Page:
‘WannaCry’ Ransomware Attack: What We Know


Matthieu Suiche, a security researcher, was able to find two new variants of WannaCry.

The ransomware attack has affected more than 200,000 victims in 150 countries, said Rob Wainwright, head of law enforcement agency Europol.

The latest virus attack last week exploits a flaw in a version of Microsoft Windows first identified by United States intelligence.

Businesses could face legal claims if they failed to deliver services because of the attack, said Edward McAndrew, a data privacy lawyer at Ballard Spahr. “More than technical guidance, I want you to make sure you are spending the time needed to understand the concerns they have and that they know we are here to help”.

A ransomware attack that began in Europe on Friday is lingering – and hitting new targets in Japan and China. Microsoft, like other vendors whose vulnerabilities were in the NSA data dump, moved quickly to fix the defect. This person discovered that the unnamed online terrorists accidentally included a “kill switch” in their software that allowed owners of websites to stop the attack. Administrator accounts can install, update and remove software, and malware that infects an administrator account can do so as well. Security firms say Russian Federation was the country that was hit the hardest. “We need governments to consider the damage to civilians that comes from hoarding these vulnerabilities and the use of these exploits”. Experts are urging all organizations to update their software. “It’s a business model that works and you don’t need a lot of investment to actually get a decent return”, said Tim Wellsmore, Asia-Pacific director for threat intelligence at FireEye, a California-based network security company.

According to the company, “customers who are running supported versions of the operating system (Windows Vista, Windows Server 2008, Windows 7, Windows Server 2008 R2, Windows 8.1, Windows Server 2012, Windows 10, Windows Server 2012 R2, Windows Server 2016) will have received the security update MS17-010 in March”. The malicious software was transmitted via email and stolen from the National Security Agency, reports the New York Times. “(Which is a shame, because that would have meant computers would have been patched earlier)”.

“The widespread nature of this attack suggests that organizations are still slow to patch significant vulnerabilities like the one now being associated with this event”, said Travis Farral, director of security strategy at Anomali and a former ExxonMobil security intelligence supervisor.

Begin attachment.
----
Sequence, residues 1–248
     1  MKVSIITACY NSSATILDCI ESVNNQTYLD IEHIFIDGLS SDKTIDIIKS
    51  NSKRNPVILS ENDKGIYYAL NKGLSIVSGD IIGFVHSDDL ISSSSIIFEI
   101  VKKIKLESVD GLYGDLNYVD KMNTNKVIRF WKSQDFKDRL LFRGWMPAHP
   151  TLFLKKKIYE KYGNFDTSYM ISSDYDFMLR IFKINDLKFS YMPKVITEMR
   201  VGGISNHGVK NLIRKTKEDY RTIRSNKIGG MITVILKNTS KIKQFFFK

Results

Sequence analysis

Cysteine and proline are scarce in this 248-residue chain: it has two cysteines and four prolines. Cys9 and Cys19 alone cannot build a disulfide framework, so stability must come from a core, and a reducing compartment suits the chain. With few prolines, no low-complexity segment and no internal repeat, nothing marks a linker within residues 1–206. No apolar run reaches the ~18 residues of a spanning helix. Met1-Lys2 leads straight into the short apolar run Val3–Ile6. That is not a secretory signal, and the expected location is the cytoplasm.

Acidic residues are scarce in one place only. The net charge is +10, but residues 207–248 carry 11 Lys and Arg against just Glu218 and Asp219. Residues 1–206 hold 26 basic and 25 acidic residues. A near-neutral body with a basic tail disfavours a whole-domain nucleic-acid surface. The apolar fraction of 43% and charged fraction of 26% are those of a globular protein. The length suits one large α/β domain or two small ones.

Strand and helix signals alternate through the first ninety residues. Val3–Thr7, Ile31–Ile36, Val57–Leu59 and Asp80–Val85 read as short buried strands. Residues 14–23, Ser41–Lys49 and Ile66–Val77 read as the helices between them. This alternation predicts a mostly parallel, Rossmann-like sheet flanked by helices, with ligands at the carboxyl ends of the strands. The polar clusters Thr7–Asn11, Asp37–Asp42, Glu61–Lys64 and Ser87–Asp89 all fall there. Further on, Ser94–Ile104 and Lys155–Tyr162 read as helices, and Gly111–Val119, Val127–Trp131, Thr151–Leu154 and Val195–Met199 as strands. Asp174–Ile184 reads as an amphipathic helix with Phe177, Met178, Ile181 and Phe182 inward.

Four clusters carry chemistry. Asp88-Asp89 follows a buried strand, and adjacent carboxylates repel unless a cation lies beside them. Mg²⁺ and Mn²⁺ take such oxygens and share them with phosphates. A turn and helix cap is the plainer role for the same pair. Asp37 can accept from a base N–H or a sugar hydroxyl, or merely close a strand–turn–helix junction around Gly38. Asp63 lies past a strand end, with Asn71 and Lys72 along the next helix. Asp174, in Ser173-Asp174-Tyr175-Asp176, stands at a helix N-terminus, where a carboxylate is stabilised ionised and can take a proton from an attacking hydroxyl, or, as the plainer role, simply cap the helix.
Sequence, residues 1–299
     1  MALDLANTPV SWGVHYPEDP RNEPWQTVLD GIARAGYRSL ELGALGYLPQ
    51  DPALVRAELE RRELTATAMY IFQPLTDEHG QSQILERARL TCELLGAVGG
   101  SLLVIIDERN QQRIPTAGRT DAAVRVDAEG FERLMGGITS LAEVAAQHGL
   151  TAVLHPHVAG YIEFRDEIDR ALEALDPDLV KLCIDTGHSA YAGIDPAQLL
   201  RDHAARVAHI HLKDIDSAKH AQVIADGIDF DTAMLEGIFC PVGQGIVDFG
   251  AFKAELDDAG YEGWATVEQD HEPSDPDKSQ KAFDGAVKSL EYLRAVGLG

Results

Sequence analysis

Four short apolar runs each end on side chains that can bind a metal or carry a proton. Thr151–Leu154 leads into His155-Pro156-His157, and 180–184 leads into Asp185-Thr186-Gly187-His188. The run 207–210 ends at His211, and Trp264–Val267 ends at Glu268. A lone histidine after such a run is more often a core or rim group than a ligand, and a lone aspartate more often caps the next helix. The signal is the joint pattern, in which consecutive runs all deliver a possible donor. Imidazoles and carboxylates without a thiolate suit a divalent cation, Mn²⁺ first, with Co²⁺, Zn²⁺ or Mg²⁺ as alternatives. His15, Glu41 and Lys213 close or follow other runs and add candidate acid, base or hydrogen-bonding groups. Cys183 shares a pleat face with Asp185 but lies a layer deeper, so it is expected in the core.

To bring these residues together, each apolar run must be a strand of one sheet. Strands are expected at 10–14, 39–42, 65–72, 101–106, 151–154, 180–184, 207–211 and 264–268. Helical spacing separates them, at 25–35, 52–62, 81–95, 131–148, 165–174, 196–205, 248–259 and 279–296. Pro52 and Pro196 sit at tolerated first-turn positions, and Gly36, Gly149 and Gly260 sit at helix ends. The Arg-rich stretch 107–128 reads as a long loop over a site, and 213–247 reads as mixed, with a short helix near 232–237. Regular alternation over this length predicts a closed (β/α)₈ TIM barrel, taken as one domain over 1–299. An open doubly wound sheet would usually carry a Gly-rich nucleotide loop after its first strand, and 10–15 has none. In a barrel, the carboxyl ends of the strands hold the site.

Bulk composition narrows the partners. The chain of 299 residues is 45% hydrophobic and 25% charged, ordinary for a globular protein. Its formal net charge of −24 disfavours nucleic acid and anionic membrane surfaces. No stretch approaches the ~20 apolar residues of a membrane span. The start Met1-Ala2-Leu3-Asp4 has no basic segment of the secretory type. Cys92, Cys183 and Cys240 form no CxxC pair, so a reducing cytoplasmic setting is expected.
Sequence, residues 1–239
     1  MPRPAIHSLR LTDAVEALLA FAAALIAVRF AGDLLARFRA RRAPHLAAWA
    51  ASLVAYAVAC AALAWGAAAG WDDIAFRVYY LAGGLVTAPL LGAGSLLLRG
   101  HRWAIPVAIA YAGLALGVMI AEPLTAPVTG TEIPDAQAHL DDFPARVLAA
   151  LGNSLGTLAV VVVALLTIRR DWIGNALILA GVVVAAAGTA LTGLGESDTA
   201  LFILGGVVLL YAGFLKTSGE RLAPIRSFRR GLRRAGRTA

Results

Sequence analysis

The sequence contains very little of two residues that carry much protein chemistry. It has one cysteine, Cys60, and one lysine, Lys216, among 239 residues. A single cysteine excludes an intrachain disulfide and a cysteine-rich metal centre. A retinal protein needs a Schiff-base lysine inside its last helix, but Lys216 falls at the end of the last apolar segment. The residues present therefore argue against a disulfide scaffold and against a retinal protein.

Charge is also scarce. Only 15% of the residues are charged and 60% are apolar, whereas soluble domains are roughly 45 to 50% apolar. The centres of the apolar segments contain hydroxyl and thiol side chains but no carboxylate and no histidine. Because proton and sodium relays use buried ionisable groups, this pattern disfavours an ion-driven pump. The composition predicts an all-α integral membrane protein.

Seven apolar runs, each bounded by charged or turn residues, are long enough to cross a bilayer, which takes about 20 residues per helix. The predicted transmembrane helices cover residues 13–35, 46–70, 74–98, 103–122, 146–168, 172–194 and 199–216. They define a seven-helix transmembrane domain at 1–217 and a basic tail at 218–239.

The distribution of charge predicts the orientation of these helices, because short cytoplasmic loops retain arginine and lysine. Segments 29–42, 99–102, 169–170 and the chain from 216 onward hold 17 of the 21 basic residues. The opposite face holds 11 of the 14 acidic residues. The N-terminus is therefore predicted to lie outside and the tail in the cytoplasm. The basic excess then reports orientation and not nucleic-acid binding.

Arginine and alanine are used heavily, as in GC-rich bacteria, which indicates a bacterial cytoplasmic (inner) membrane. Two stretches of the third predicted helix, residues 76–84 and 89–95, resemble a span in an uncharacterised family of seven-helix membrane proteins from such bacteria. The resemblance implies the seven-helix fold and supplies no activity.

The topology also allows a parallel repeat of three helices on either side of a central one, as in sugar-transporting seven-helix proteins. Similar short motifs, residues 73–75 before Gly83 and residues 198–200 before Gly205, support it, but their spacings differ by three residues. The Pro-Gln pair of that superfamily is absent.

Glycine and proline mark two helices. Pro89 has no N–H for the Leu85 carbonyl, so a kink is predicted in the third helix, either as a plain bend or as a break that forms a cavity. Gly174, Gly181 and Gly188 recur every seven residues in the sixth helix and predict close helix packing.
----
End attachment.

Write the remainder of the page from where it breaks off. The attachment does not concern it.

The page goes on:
“The NHS wasn’t targeted”, he wrote. While neither Microsoft nor the NSA has confirmed it, computer experts believe that the NSA likely tipped off Microsoft about the flaw once they realized the tool had been stolen.

The attack has locked computers and blocked access to patient files.

In Spain, major companies including telecommunications firm Telefonica have been infected.

Shrivastava said the threat of such an outbreak at global level should serve as a wakeup call for those establishments using unlicenced software to cut costs.

The most frustrating thing about all of this – from an outsider’s perspective – is the realization that so many companies, and their employees, lack the dedication to cybersecurity protection options. “Senator, I don’t know”.

Weber warned there is no single entity capable of fixing this problem in the near future, since security depends on so many factors. The employees in that company’s tech department are leaving constantly – and at a rapid pace – due to the mismanagement.

“They have been working I know through the night nearly to make sure patches are in place to make sure that hopefully the NHS services can get back to normal”, Wallace told BBC Radio.

British hospitals hit by ransomware cyberattack


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